Wednesday, May 12, 2010
One Damn Big Beaver Dam...
...has been discovered in a remote corner of sprawling Wood Buffalo State Park in northern Alberta. For a lot of you this is probably not new news as proof of its existence, a Google Earth image, has been widely disseminated on the internet now for a few weeks. But since I've been involved in your basic love/hate relationship with the toothsome rodents for as long as I can remember I just couldn't resist tossing in my two cents...no news there either, eh?
Anyway for those of you unaware the dam is humongous by any definition: 2700 feet long (850 meters) it is thought to be the longest anywhere and an ongoing project of a large clan of ambitious rodents since sometime in the early 1970s. As a fellow blogger noted, "I'll bet a lot of landowners are saying thank God it's not on my property." Beavers, neat as they can be and often are, can and often do put even the most heinous vandalism acts to shame. For example back in the day a family of busy beavers set up housekeeping on a small creek on our property.
Over that first summer they erected several small dams, a single somewhat larger dam and built an impressive house. Next spring, apparently concerned high water might be a problem the crew dug an impressive ditch which allowed overflow from the main dam to enter our man-made pond, then cut an equally impressive, after all we're talking beavers here not D-8s, overflow trench which eventually eroded such the dam collasped. Each time we tried to fix it, the beavers quickly remodeled the repairs to their own liking.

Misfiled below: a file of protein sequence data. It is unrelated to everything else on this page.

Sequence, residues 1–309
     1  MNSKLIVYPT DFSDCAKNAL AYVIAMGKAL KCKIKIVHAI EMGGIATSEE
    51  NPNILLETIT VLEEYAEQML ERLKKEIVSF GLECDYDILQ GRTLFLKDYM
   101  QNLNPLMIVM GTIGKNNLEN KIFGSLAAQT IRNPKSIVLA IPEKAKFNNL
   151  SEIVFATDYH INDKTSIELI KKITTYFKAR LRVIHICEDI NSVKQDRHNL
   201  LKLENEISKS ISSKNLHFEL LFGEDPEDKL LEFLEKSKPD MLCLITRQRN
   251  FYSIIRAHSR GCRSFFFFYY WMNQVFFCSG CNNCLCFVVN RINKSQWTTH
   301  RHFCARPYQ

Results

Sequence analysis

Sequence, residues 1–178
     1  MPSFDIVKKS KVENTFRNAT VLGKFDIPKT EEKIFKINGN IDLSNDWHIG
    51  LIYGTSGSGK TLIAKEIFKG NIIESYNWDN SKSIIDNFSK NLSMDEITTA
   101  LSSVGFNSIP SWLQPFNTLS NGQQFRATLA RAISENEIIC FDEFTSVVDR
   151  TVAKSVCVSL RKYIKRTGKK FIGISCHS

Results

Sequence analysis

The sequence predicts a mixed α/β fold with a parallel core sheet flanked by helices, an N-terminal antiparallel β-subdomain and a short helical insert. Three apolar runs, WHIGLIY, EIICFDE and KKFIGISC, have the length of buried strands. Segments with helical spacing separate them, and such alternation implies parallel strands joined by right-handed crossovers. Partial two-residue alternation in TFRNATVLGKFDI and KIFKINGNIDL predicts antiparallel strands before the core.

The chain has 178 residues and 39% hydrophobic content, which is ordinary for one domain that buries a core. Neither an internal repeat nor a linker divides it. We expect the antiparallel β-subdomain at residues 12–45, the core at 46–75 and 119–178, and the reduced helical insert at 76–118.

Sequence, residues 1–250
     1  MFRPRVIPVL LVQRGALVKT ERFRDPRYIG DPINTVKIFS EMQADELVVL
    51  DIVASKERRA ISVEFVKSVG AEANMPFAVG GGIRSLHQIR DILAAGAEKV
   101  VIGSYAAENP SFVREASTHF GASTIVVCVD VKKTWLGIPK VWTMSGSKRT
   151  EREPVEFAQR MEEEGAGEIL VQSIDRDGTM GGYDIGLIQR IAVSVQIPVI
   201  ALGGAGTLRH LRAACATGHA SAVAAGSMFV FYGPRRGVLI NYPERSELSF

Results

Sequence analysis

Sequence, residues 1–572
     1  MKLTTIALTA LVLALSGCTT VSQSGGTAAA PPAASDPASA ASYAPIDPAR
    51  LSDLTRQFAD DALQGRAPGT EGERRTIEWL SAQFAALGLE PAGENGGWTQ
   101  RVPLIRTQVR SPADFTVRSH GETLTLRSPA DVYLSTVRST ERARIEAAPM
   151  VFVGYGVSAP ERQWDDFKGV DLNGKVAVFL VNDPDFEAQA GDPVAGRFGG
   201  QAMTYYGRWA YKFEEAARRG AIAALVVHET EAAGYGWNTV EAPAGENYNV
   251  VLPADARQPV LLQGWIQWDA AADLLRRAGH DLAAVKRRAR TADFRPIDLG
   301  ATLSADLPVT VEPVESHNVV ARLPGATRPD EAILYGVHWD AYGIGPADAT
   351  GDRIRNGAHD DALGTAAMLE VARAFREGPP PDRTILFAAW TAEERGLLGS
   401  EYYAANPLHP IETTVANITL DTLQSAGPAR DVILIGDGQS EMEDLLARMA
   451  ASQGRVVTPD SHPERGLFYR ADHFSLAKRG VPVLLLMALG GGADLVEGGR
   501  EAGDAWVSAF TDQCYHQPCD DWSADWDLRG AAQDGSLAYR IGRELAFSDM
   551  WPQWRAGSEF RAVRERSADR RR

Meantime the dam building continued up the little creek until eventually there were 11 dams as I recall flooding at least 100 acres of what was once prime woodcock cover. Oh well, wood ducks found it their liking so for a time we switched loyalities and instead of woodcock we ate wood duck. During all of this we engaged and engaged the services of others in a futile attempt to trap at least enough of the culprits to slow the advance...didn't happen.
After about 7 or 8 years however the food supply was starting to dwindle big time. Evidently in desperation instead of alder, aspen and willow the beavers started on our many wild and productive apple trees scattered about the property. But the proverbial straw that broke the beaver's strangle hold was an old apple tree which produced in odd years about the sweetest, tastiest apples imaginable and stood at least 400 yards from the nearest water. For us that did it. We enlisted the aid of former bomb disposal guy with handy access still to explosives and...that as they say was that.
Do I still have a fondness in my soul for the big rodents? Hell yes. But to paraphrase the man "Glad that big dam ain't on my place.